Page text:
Herbal teas, infusions, and decoctions are some of the easiest ways to use herbs. If not the easiest, they’re certainly one of the most nutritious!
Today I’m going to walk you through what each of these preparations are as well as give you step-by-step directions on how to make them yourself.
Let’s start at the beginning.
What Are Herbal Teas, Infusions, and Decoctions?
Herbal teas, infusions, and decoctions are all names for different types of herbal water preparations. They each vary slightly in how they’re made, but the end goal is to extract the chemical constituents from the plant material and transfer it into water. That water is drunk (or inserted into the body in the case of an enema or douche), and the body easily absorbs those constituents.
Tea is commonly drunk for enjoyment and taste where infusions and decoctions are used for medicinal benefits. Teas are light in color and flavor and infusions and decoctions are much darker in color and stronger in flavor. All of these preparations can be sweetened before drinking.
Teas and infusions are made using soft herbs (flowers, stems, leaves) by pouring water over herbs and allowing the herbs to steep for a certain period of time. Decoctions are made by simmering harder herbs (roots, nuts, seeds, barks) over low heat for a set amount of time. Herbalist Michael Moore has a great list of herbs to use for decoctions right here.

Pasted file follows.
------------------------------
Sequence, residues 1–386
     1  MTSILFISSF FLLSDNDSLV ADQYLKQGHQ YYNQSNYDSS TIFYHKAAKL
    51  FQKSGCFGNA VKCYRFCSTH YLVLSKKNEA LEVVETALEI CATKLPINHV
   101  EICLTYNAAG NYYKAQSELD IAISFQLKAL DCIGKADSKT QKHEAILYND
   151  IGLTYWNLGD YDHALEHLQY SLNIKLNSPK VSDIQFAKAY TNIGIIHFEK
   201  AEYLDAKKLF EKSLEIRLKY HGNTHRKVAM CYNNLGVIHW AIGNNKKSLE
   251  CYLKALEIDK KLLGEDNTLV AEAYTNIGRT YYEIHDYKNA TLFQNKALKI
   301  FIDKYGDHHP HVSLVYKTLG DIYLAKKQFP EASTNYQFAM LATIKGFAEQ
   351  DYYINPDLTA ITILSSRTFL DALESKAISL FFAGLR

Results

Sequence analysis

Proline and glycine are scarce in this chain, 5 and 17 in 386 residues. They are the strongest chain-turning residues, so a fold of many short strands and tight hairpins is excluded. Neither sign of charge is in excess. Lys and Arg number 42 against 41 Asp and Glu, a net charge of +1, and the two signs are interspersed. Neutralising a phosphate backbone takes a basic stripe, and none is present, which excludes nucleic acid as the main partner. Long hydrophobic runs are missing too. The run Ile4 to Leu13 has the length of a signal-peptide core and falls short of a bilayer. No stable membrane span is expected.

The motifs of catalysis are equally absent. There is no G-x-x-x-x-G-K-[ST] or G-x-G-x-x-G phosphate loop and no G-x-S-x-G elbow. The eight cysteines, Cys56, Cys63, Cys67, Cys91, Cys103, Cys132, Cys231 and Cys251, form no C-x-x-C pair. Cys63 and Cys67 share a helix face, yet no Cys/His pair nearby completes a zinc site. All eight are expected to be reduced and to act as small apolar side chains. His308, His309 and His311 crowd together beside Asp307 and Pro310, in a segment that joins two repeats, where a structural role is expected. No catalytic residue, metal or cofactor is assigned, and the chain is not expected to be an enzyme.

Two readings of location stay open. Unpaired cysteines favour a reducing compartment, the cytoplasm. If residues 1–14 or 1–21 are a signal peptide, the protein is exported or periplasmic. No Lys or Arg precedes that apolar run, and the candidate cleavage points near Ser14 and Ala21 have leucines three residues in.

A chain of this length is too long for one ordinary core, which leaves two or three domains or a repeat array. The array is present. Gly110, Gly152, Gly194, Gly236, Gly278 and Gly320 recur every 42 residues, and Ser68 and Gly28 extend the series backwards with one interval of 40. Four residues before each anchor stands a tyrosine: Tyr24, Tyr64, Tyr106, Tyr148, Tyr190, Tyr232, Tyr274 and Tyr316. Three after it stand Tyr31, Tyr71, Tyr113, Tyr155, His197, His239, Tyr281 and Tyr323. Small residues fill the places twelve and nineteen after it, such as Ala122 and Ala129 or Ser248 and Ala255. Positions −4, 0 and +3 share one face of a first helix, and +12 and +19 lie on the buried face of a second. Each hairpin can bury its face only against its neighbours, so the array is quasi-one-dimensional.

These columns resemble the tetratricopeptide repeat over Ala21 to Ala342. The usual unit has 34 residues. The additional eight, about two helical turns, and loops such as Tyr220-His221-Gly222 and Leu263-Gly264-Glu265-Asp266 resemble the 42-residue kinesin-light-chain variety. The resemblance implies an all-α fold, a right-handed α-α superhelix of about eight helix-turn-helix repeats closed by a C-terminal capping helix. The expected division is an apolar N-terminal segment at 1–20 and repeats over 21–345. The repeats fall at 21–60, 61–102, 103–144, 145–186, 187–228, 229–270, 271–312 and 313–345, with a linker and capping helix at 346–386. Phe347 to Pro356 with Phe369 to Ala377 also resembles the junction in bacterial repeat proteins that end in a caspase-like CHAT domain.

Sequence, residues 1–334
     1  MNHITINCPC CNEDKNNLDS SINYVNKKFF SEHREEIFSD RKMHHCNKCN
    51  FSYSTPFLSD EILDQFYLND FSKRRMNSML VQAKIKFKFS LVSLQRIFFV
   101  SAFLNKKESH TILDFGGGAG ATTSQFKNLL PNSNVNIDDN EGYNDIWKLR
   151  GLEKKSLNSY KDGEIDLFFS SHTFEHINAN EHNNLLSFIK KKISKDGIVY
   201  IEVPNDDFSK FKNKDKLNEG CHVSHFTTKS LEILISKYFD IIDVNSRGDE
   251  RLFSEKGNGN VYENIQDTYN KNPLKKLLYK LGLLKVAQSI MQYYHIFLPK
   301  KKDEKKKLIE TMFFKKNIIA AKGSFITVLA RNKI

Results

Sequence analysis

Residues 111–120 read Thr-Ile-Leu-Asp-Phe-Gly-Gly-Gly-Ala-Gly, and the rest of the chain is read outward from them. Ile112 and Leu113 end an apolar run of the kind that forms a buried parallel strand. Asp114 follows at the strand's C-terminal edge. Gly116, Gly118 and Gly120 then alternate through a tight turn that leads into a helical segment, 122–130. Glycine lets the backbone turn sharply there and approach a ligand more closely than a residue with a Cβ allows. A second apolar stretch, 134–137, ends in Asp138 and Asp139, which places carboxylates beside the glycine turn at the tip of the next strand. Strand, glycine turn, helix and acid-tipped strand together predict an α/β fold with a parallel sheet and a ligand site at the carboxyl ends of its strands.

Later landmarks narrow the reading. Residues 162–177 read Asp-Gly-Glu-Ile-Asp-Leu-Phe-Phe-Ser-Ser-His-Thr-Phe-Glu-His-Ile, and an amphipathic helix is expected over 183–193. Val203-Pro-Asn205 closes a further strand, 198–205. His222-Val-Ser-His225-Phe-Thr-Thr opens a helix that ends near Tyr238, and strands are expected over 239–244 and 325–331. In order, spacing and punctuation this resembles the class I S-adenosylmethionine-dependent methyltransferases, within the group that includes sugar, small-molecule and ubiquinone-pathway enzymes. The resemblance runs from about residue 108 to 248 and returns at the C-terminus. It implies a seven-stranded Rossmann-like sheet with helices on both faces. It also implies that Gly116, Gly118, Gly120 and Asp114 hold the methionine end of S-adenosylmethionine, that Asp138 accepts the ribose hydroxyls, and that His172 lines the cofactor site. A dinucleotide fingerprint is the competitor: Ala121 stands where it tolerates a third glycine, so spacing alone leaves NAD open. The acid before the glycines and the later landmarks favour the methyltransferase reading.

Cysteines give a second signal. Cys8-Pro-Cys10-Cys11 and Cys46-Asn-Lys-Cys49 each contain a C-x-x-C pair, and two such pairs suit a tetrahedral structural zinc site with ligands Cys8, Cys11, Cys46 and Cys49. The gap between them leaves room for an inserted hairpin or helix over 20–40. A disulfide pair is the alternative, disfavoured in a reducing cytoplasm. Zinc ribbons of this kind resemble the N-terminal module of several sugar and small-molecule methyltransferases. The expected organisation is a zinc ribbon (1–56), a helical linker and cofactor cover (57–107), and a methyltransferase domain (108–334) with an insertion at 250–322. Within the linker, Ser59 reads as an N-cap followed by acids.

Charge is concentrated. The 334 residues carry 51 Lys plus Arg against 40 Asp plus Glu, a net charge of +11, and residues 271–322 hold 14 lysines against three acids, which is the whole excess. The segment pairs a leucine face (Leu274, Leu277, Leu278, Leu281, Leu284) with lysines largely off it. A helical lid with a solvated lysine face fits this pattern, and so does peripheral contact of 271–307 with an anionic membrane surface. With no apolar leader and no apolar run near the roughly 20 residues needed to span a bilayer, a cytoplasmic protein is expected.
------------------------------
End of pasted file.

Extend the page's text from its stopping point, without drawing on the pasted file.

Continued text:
FRESH VS. DRIED HERBS
When making teas, infusions, and decoctions, fresh or dry herbs can be used.
Keep in mind that fresh herb measurements are almost always double what dry herb measurements are. For example, if your recipe called for 1 teaspoon of dry mint leaf for a tea and all you had was fresh mint you would simply use 2 tsp. of chopped fresh leaves in place of the dried.
When it comes to water temperature boiled water is most commonly used, but some plant constituents (mucilage) are extracted better in warm or cool water. It’s best to know what constituents are in the plant you’re using and/or what you want to extract from it before deciding which kind of water to use. If you use hot water when you should have used cool water, it’s not the end of the world. You’ll still get a lot of beneficial properties from the plant. Check out herbalist Micheal Moore’s list of plants to infuse via cold water right here.